top of page

CVBT Newsletter, June 2024


Photo credit: American Battlefield Trust


CVBT Newsletter, June 2024

 

Preservation Updates and News


 

From the President's Desk

It’s Chess, Not Checkers


In August 2013, CVBT received a grant for $700,000 to assist the American Battlefield Trust in a 56-acre acquisition of Fleetwood Hill on the Brandy Station Battlefield. 


The entire battlefield preservation community including the Central Virginia Battlefields Trust, the Journey Through Hallowed Ground, and the Brandy Station Foundation, along with support of the National Park Service’s American Battlefield Protection Program and the Commonwealth of Virginia’s Civil War Sites Preservation Fund had a hand in saving this long sought after parcel of the Brandy Station battlefield.


Brandy Station, fought on June 9, 1863, opened the Gettysburg campaign and sent the Army of the Potomac north in pursuit of Gen. Robert E. Lee and his Army of Northern Virginia. It was the largest cavalry battle ever fought on American soil, with nearly 20,000 troopers engaged, and more than 1,000 casualties.

 

Historian Clark “Bud” Hall would state, “Ten thousand troopers grappled to the death on Fleetwood Hill. Scores of men were killed, right there,” Hall said. “And as J.E.B. Stuart wrote in his report, they ‘buried them where they fell.’” 


Bud Hall was recognized for his years of tenacious work in assembling much of this preserved battlefield land, and rightfully so. Without his efforts, the newest addition to Virginia State Parks would not have come to fruition. 


Brandy Station's Fleetwood Hill was saved from the brink of destruction when first threatened with intense and enormous development, and then by a proposed high-speed auto-racing track that would have obliterated this important part of the battlefield. 

 

So, some 11 years after CVBT’s contribution to help protect Fleetwood Hill, this chess piece is now part of Virginia’s 43rd State Park and the battlefield, now 1,000 acres and about to grow to 2,200 acres after a series of land transfers are completed, will include parts of the four major Civil War battles fought in Culpeper County: Brandy Station, Cedar Mountain, Kelly’s Ford, and Rappahannock Station.


David Duncan, president of the American Battlefield Trust, said “nothing about today was inevitable,” meaning, there were many competing visions of what should happen to the land.

Present for the June 8th dedication ceremony, Virginia Governor Glenn Youngkin stated, “Teaching our history and the history of the Commonwealth of Virginia is not just complicated, it is filled with extraordinary highs and very dark lows,” Youngkin said. “We must teach all of it — the good and the bad.”


The creation of the park was approved by the Virginia General Assembly and signed into law by Youngkin in June 2022 as a part of the commonwealth’s two-year budget plan.

As CVBT members already recognize, preservation is a long-term project. A goal may not be realized for years; in this case for decades. CVBT’s contribution may have seemed out of the norm at the time because it was outside our normal geographical area of operations. Looking towards the big picture goal, even 11 years ago, it simply had to be done. Not unlike CVBT’s long-term vision of completing a large portion of the Chancellorsville “Jackson Flank Attack.” Each land piece is part of the game and once these pieces are all accumulated, Check Mate!, the vision is complete.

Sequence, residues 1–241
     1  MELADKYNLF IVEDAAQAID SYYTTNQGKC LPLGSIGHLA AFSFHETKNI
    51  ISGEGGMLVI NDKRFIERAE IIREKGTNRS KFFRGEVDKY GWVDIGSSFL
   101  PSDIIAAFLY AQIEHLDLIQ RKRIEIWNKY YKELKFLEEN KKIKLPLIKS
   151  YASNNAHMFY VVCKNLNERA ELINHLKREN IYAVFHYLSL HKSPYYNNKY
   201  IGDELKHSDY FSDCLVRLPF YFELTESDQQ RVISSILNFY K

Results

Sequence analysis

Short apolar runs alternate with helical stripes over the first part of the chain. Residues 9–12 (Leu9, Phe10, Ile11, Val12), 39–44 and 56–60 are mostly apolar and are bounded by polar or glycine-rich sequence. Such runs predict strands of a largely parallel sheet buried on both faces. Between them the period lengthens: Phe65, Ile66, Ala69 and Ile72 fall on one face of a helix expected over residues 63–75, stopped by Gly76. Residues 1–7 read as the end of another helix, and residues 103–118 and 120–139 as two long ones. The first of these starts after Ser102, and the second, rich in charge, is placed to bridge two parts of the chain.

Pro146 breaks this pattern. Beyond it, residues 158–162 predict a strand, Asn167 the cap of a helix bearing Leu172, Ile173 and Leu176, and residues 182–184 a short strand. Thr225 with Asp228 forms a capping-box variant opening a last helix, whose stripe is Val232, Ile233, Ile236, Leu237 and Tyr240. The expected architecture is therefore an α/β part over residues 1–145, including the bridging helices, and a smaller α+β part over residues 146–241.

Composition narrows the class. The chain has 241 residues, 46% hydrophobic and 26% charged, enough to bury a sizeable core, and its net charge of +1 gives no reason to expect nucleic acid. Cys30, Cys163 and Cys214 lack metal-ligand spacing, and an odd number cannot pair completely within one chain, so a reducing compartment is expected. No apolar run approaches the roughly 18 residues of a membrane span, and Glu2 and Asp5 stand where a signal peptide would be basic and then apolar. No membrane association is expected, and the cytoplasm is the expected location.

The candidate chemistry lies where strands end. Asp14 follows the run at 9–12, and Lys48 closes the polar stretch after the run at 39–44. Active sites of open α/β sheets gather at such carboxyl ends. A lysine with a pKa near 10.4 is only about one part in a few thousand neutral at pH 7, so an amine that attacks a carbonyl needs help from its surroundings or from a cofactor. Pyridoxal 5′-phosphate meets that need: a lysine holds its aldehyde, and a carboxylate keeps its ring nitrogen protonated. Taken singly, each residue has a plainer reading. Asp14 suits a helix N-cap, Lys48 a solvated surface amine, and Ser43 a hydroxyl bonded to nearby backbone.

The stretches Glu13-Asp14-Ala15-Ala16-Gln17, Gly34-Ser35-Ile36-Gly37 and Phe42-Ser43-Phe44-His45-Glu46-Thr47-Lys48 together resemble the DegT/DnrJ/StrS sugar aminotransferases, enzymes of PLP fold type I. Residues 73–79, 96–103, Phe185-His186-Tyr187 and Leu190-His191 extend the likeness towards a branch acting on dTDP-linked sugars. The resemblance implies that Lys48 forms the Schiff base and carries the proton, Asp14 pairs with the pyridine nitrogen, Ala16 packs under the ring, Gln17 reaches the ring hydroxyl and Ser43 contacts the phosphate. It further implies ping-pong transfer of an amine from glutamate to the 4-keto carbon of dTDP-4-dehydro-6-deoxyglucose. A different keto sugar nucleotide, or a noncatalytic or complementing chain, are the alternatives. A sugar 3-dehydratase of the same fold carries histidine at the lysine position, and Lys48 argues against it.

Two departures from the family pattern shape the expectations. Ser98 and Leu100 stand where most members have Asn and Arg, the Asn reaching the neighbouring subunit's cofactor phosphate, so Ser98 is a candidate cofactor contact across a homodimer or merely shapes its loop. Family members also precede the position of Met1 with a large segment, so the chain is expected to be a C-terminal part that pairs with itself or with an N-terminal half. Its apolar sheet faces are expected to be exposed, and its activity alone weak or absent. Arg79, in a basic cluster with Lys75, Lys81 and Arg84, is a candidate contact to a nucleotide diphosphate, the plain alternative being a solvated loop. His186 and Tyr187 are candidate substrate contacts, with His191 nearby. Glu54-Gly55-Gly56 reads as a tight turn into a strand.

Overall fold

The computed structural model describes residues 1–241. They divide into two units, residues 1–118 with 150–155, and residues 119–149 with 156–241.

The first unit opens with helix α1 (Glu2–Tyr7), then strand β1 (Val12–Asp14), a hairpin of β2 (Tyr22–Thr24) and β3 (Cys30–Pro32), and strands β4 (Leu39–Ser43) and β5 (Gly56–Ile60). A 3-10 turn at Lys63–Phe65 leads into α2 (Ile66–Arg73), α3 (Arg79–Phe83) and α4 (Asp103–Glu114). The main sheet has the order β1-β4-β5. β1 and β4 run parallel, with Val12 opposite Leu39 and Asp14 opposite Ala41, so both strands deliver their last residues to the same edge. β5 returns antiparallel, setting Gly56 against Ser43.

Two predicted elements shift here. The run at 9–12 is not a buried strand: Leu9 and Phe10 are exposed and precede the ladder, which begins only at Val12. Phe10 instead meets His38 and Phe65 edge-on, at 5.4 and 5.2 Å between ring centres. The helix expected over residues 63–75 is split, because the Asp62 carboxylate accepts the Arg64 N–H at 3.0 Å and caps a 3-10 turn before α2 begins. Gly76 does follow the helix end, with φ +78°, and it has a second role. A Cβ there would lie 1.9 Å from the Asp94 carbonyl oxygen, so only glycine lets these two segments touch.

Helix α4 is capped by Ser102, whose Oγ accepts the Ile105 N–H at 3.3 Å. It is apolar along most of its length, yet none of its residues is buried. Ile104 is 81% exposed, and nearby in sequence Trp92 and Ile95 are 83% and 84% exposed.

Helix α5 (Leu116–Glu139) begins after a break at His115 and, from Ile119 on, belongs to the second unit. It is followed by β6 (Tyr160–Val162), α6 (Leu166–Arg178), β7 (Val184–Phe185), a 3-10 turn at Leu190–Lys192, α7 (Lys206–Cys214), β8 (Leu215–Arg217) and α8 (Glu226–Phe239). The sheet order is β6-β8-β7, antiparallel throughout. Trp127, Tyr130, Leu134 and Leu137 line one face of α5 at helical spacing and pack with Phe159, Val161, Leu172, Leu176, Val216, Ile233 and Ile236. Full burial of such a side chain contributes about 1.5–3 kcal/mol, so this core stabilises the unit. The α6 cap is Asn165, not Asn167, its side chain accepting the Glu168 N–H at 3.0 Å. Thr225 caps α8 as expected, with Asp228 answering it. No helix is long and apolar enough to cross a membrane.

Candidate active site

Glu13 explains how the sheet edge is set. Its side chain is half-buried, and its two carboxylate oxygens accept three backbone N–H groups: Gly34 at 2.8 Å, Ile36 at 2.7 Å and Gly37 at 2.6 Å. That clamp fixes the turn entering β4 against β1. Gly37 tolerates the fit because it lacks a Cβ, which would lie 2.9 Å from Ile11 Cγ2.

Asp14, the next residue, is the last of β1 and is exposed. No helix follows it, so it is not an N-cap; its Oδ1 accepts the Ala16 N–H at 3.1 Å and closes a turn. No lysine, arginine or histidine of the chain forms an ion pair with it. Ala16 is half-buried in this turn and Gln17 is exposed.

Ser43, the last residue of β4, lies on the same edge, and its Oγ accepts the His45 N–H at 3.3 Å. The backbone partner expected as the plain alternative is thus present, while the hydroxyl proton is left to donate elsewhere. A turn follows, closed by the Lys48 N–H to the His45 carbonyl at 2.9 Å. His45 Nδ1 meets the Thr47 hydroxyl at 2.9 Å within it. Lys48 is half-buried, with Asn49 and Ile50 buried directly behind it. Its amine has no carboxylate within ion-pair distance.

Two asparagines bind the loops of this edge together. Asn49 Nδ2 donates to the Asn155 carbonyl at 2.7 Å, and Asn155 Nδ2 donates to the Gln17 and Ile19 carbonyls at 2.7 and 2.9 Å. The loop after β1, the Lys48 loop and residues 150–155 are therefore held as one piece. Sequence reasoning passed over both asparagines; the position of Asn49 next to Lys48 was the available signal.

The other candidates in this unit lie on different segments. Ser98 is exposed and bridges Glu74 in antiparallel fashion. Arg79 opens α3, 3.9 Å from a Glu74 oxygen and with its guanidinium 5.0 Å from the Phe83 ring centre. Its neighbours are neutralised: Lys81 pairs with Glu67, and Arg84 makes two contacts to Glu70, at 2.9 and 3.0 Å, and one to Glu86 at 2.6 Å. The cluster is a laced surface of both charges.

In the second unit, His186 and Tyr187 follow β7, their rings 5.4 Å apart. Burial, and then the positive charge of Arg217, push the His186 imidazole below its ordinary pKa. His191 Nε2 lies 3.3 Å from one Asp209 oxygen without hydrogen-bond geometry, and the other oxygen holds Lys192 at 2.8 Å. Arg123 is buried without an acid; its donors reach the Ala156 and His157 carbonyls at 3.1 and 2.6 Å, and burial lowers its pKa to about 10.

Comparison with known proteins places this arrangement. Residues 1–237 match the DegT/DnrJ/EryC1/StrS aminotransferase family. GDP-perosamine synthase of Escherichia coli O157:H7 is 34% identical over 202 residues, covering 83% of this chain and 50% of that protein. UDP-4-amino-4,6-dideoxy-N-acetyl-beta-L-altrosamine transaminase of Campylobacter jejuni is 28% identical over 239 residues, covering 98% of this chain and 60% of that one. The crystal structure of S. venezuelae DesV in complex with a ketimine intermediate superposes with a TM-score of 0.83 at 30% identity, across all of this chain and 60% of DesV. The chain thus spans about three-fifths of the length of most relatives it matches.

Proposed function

CVBT is proud to have played a part in this remarkable achievement by the preservation community. With everyone working as a team, keeping an eye on the long-term goal, and above all, maintaining a dogged persistence, the vision will be met.

 

Congratulations to all parties involved in this tremendous accomplishment!

 

Tom Van Winkle


 

Come join us for a full weekend of great tours and presentations, good food, and camaraderie with fellow history enthusiasts.

 

The Friday tour of Payne's Farm will be led by Ted Savas. Ted and his colleague Paul Sacra discovered the accurate location of the battlefield in the early 1990's. Join us for the rare opportunity to tour the battlefield with one of its discoverers.

 

Well-known expert, historian, and author Greg Mertz will take us on an extended tour of the western edge of the Wilderness, as it had a significant impact on several overlapping conflicts in 1863 and 1864, both in planning and execution. The Wilderness itself proved to be as great of an obstacle as the armies were to each other.

 

Tickets are going fast!

 

Beckham Tract Landscape Restoration

CVBT is beginning the preliminary work to tear down the modern structures on the Beckham Tract in order to return the land to its natural appearance. We are currently about 60% of the way toward our $35,000 goal to make this happen. You can learn more at our website.


 

Historic Quote

“On the morning of the 27th, when the right road was supposedly to have been found, the enemy were discovered in great strength and in line of battle to oppose the march.

That I had to choose whether to retreat or give battle. I chose the latter, which I did successfully, engaging with my whole corps Johnson's and Roades' divisions of Ewell's corps. The battle lasted until 7 p.m. that day."

 

-Excerpt from report by Maj. Gen. W. H. French describing the November 27, 1863, fighting at Payne's Farm.

Photo credit: Terry Rensel

 


35 views0 comments

Comments


bottom of page